Skip to main content

Impatience is not a virtue

So farewell then, deferred gratification. Its death knell was the announcement that London will soon have its first cupcake ATM; a pink hole in the wall where customers with "late-night cravings" for overpriced cakes will be able to purchase their very own bun with swirls of neon frosting spunked all over its top.

The ATM is the brainchild of a Californian company that opened its first machine in Beverly Hills last month. It's a relief to know that peckish Beverly Hills residents will never again have to settle for jam on toast or the finger-scrapings from a jar of Nutella daubed on a digestive. Nowadays, it seems that having to wait a few hours for your nearest shop to open is tantamount to an abuse of human rights.

The belief that we deserve to have everything "now!" assiduously pervades every aspect of 21st-century life. If my son wants to hear a song, he immediately downloads it from iTunes. When I was his age, if I wanted to hear anything other than my dad's Shirley Bassey collection or Ghost Riders in the Sky, I had to walk to my local public telephone box and feed my pocket money into the slot on the off chance that Dial-a-Disc was playing something more interesting than Rolf Harris' Two Little Boys or the latest Peters and Lee song. If you wanted to listen to anything cool, you had to sell halter-neck tops in CA until you had saved enough money to buy Aladdin Sane.

We did things more slowly back then. If you were overweight, you went to Weight Watchers and waited. And if you ate Ryvita, cottage cheese and half a grapefruit for breakfast for three long years, you eventually lost half a pound.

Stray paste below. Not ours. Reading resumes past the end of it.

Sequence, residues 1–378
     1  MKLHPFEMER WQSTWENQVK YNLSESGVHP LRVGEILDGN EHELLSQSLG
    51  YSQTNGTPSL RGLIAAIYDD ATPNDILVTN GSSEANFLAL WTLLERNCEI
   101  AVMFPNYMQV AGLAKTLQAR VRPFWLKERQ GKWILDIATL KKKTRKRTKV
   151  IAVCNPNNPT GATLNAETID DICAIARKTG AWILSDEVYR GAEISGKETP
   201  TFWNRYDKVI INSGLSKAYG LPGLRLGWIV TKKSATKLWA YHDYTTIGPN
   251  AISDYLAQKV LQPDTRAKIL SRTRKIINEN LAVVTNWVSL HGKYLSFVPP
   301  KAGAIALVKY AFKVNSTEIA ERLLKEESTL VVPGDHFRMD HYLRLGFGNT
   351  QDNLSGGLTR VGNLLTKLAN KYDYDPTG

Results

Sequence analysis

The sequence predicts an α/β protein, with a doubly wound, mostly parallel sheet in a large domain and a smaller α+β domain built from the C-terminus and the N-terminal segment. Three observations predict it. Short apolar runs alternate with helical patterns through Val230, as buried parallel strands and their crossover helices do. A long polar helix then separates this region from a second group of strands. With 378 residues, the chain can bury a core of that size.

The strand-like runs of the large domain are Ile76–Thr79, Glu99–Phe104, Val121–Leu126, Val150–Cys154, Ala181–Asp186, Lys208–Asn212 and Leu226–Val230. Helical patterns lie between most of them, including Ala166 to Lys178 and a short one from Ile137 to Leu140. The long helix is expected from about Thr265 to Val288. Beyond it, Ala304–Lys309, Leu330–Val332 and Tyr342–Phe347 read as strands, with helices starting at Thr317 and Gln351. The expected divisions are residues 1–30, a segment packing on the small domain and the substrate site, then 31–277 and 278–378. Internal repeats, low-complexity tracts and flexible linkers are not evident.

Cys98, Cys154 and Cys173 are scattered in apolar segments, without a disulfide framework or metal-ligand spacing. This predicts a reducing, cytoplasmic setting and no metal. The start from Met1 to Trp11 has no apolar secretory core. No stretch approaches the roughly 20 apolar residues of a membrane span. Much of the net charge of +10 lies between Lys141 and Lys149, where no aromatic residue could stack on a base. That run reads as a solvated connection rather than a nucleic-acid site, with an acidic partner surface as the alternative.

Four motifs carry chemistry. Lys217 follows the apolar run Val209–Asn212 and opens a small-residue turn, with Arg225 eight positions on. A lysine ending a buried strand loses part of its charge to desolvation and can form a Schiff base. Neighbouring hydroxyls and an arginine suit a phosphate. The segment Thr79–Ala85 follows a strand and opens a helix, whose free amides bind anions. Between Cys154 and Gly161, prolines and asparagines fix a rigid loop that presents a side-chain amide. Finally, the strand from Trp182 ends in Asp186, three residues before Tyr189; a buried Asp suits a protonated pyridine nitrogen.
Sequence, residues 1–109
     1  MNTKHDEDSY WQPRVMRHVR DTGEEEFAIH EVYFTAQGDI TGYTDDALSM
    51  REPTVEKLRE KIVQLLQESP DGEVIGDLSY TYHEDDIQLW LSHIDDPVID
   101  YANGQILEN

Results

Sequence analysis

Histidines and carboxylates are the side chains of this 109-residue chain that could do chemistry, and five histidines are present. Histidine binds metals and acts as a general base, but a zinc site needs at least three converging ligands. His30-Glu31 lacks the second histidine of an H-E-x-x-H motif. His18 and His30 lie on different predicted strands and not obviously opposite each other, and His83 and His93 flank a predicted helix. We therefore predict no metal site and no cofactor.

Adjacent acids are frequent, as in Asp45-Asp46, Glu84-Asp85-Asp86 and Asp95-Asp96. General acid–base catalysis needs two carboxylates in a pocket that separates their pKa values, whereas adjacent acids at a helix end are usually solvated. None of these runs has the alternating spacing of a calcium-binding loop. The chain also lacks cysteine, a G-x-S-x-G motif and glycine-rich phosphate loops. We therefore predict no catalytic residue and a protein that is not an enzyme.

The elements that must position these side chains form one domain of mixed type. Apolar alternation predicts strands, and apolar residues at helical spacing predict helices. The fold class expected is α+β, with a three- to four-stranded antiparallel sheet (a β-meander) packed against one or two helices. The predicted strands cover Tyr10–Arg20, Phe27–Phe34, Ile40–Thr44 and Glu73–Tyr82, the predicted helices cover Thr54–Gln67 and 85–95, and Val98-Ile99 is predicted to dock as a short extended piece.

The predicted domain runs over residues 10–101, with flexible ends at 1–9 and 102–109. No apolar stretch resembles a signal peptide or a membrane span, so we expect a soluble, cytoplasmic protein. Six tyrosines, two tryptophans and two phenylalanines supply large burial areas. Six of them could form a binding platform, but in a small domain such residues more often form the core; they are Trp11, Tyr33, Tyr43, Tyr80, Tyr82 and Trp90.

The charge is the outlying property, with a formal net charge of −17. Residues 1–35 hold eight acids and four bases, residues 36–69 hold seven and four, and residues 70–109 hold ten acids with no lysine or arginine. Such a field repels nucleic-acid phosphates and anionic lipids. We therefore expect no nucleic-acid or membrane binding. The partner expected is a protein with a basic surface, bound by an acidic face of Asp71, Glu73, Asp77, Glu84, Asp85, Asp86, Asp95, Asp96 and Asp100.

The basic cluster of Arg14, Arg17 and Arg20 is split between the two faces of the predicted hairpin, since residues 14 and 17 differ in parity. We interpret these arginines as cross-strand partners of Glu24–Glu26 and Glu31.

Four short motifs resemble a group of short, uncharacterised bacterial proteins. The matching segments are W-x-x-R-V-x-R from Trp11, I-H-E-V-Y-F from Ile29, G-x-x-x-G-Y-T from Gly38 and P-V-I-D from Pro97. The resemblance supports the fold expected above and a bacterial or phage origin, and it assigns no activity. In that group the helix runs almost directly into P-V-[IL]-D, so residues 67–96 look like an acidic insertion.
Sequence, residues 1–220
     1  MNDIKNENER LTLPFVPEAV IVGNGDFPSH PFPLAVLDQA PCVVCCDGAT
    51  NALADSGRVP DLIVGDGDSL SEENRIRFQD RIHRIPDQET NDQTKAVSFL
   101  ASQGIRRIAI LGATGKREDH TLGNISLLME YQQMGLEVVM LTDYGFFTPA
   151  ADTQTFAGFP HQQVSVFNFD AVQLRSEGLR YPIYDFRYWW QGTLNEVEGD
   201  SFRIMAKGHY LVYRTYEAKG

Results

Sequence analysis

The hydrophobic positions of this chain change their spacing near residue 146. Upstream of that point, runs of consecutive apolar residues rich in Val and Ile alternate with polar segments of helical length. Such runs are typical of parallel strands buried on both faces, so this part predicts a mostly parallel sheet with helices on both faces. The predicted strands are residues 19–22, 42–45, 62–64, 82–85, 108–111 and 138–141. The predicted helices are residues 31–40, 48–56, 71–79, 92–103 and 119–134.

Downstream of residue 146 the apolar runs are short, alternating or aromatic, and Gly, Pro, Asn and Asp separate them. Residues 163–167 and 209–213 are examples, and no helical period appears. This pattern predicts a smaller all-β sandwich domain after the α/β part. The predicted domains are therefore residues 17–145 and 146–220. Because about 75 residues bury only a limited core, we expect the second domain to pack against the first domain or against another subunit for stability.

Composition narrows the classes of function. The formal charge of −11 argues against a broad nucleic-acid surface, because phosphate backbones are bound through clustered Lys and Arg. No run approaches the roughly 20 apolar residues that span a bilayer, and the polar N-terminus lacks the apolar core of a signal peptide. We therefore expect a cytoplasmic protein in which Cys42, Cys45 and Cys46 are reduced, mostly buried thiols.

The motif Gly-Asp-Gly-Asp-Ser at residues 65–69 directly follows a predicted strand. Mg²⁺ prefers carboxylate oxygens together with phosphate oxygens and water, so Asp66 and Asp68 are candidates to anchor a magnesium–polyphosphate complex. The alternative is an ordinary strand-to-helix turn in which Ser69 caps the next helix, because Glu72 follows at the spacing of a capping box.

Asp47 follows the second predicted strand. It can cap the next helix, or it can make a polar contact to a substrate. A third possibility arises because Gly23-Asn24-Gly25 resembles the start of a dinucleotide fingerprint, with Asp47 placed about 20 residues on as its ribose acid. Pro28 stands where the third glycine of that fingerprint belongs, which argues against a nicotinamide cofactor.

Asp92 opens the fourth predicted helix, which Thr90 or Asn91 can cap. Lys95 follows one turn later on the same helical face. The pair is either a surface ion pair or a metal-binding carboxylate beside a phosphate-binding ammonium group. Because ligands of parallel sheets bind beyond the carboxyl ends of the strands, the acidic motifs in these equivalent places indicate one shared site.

Nowadays, there are quick-fix solutions for everything. As soon as you tip into your doctor's surgery, he is all for sucking out your blubber with a Dyson or clamping your gut with an elastic band. Or you can buy a range of radical meal-replacement programmes that deliver instant results. And while drinking milkshakes might indeed bring all the boys to the yard, they will soon scarper when they discover that your breath in ketosis smells like a Labrador's farts.

Now even parents-to-be are being offered instant gratification in the form of a 4D antenatal scan. Mums and dads desperate to see their baby's facial features are paying #163;200 a pop for a take-home DVD movie of their child in utero. Since their baby will inevitably look like Roger the Alien, it would make more sense to watch American Dad!

Our demand to know what the future holds won't end here. Some new educational agency is bound to exploit the antenatal market and offer parents GCSE predictions based on fetal length, cranial circumference and the motility of Daddy's sperm. And, of course, how much Mozart crossed the placenta during the final trimester.

Having just done a Year 7 parents' evening, I fear those days are not far off. Parents already want to know what little Eleanor will get for her GCSE based on her key stage 2 results and the six times I have seen her book. They remind me of American beauty pageant parents, but instead of prematurely dressing their kids in heels and false eyelashes, they are imagining them clutching 10 A*s and wearing a barrister's wig.

They catch their impatience from us, of course. Schools are notoriously bad at deferring gratification, evidenced by the fact that we have already counted this year's GCSE chickens before the controlled assessments have hatched.

Anne Thrope (Ms) is a secondary teacher in the North of England. @AnnethropeMs.

Log in or register for FREE to continue reading.

It only takes a moment and you'll get access to more news, plus courses, jobs and teaching resources tailored to you

Latest stories